By the end of the third semester in residence, each Ph.D. student will meet with their Advisory Committee to present a "prospectus" of their research. The research prospectus should describe a specific project or projects that a student plans to undertake for his or her Ph.D. thesis research. The prospectus presentation allows an opportunity for the Advisory Committee to become familiar with the student's research goals and plans, and to provide useful suggestions.

The research prospectus should include clear written and oral presentations of:

  1. The hypothesis to be tested or the gap in knowledge to be investigated.
  2. A succinct review of the background research/knowledge from the literature that forms the basis for the hypothesis/knowledge gap.
  3. The experimental approach(es) to be used in testing the hypothesis/knowledge gap.

Consultation with the major professor during formulation of the prospectus is strongly encouraged.

The research prospectus must be presented both in writing (limited to 10 typed pages, double-spaced) and orally (a 20-minute planned presentation interspersed with questions from the committee) at a meeting of the Advisory Committee to be held by the end of the third semester in residence. This is typically one semester before a student would hold his/her preliminary oral exam for admission to Ph.D. candidacy. (Note: The Graduate School requires both a research prospectus and a preliminary oral examination for admission to Ph.D. candidacy.) The written prospectus should be given to the members of the Advisory Committee two weeks prior to the oral prospectus presentation. Successful completion of the research prospectus requires approval by all but one member of the Advisory Committee.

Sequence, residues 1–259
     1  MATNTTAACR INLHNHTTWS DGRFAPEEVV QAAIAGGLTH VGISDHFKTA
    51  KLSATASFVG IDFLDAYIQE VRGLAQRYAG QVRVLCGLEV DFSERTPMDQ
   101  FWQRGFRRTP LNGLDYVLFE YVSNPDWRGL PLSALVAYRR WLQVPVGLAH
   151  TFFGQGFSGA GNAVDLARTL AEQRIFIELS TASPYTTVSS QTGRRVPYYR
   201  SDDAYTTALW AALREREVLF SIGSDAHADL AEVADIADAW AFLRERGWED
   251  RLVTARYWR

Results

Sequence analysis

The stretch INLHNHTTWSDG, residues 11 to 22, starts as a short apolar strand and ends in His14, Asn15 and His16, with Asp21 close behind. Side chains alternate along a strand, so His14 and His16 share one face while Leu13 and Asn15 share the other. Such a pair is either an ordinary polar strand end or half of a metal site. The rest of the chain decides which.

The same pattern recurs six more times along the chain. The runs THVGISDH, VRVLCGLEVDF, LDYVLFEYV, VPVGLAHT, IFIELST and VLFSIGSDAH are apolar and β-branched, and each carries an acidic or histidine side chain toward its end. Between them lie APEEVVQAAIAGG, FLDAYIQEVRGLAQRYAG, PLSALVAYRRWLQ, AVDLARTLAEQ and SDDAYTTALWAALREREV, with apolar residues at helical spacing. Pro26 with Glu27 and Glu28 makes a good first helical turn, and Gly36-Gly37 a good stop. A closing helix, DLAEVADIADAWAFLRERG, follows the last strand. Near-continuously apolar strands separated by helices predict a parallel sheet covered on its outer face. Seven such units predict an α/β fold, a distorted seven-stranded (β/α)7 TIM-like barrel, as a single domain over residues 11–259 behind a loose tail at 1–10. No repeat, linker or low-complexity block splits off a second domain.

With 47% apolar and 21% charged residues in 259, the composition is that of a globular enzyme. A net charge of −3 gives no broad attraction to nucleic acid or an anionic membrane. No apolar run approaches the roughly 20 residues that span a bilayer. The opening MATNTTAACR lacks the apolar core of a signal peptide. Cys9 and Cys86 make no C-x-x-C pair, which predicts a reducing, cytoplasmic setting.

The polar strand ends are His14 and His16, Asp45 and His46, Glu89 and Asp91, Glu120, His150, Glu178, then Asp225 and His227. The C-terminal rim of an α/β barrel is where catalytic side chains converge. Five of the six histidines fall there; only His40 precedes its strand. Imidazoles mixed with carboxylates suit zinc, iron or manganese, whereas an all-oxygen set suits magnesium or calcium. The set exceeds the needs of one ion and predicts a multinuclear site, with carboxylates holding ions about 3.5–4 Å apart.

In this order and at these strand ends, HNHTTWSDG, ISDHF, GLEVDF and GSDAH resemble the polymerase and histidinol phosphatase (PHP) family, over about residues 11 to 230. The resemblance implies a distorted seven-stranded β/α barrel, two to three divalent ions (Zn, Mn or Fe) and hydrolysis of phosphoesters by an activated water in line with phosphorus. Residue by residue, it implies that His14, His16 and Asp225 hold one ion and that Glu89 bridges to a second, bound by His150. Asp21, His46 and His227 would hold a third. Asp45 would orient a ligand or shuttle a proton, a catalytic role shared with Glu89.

Note that the prospectus is not a list of required experiments that, once performed, automatically entitles the student to a Ph.D. degree. Research is by nature exploratory and, therefore, its outcome is unpredictable. Furthermore, the quality of the research is not addressed in the research prospectus. The major professor and the Advisory Committee remain the final judges of what constitutes an acceptable Ph.D. dissertation.